The plant manager is like a ship captain, in daily contact with a team that may range from a handful to thousands of people, and accountable to an organization that is remote and has entrusted him or her with a valuable asset. The plant manager is the voice of top management to the plant and of the plant to top management, and represents the company to the local community. Of course, the plant manager must know how to pay bills on time and let maintenance use qualified technicians to fix forklifts, but there is more to the job, particularly about Lean leadership. The plant manager implements corporate policy but does not make it. If top management has adopted Lean, the plant managers can make it succeed or fail.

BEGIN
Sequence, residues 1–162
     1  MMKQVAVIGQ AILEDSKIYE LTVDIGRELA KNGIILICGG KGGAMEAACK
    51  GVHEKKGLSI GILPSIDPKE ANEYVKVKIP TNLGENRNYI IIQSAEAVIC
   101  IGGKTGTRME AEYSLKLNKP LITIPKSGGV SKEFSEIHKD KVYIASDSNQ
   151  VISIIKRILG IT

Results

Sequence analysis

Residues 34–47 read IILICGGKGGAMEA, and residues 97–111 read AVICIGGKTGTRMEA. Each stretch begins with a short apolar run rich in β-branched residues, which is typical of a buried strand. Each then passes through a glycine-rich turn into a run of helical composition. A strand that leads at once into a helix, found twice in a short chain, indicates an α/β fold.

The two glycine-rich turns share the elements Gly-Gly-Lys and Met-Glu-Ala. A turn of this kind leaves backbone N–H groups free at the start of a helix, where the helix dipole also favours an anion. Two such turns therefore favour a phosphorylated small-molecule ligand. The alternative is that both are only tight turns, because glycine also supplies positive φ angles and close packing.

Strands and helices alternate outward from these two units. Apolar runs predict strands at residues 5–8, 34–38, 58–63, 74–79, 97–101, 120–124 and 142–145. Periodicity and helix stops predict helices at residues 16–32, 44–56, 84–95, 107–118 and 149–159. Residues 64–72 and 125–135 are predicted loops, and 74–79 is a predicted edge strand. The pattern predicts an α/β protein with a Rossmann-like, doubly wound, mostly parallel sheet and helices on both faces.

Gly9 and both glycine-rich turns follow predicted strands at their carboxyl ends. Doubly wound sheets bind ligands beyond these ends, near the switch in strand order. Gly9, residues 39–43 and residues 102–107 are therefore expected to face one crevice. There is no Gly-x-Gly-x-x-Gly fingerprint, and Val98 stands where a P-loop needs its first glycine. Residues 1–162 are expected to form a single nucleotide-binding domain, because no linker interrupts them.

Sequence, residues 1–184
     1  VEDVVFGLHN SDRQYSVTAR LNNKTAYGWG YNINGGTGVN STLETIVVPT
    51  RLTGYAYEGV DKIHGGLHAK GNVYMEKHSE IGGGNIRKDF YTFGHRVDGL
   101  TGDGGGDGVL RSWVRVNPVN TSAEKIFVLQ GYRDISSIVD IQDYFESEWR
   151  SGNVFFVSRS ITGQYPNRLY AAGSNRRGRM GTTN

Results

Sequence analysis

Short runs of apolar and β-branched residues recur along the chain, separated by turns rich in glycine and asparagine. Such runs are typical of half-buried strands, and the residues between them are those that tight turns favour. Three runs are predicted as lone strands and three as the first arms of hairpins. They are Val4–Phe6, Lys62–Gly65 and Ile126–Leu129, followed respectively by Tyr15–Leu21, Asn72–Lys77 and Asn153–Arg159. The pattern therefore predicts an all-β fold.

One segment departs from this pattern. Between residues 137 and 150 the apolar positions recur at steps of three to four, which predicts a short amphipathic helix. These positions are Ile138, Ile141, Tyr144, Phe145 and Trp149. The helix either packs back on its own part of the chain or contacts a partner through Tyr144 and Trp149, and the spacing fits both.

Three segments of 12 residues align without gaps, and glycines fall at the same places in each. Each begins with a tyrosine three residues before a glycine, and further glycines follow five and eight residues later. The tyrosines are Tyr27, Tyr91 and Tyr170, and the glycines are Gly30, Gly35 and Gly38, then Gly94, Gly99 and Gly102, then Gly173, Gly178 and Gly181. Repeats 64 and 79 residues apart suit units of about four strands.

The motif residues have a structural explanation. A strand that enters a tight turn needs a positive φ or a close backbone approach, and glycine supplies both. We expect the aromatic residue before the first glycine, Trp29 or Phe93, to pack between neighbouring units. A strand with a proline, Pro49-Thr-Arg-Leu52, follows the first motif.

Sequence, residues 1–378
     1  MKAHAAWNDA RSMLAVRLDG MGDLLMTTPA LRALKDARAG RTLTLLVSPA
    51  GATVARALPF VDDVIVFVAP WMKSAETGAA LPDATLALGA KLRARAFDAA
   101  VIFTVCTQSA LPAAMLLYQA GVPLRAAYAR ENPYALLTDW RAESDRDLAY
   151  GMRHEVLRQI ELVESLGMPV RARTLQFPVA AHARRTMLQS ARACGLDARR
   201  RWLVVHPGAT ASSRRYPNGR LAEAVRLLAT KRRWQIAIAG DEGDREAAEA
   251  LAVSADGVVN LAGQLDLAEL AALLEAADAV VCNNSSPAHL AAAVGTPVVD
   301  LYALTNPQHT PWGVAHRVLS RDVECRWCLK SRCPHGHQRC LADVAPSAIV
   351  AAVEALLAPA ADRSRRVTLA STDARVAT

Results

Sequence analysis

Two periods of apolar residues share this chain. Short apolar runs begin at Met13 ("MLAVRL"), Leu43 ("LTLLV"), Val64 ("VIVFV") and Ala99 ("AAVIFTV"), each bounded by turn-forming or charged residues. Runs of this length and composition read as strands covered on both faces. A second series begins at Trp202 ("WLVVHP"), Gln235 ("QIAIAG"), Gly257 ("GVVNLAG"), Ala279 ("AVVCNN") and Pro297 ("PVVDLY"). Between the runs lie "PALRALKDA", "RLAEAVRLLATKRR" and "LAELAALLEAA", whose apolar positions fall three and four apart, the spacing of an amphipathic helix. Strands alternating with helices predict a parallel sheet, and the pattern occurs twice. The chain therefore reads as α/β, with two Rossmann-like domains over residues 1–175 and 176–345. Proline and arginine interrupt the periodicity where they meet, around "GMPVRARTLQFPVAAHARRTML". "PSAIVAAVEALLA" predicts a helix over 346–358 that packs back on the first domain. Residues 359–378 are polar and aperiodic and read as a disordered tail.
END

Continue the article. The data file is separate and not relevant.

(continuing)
The following question arrived this morning about 3-shift operations in a factory: “Is it a good idea to have both the ‘leaving’ and the ‘upcoming team’ together having the shift handover and line meeting all at once?”
In principle, having a handover in person at each work station would be valuable, but is often impractical. If, for example, a shift is behind schedule, a gap between shifts gives it an opportunity to catch up but a shift overlap doesn’t. And when the shift is on schedule, the gap can be used for maintenance. There are also logistical issues with overlapping shifts: during the overlap, your facility must accommodate the populations of both shifts at the same time. This means an oversize parking lot, crowded hallways, and a crowded shop floor.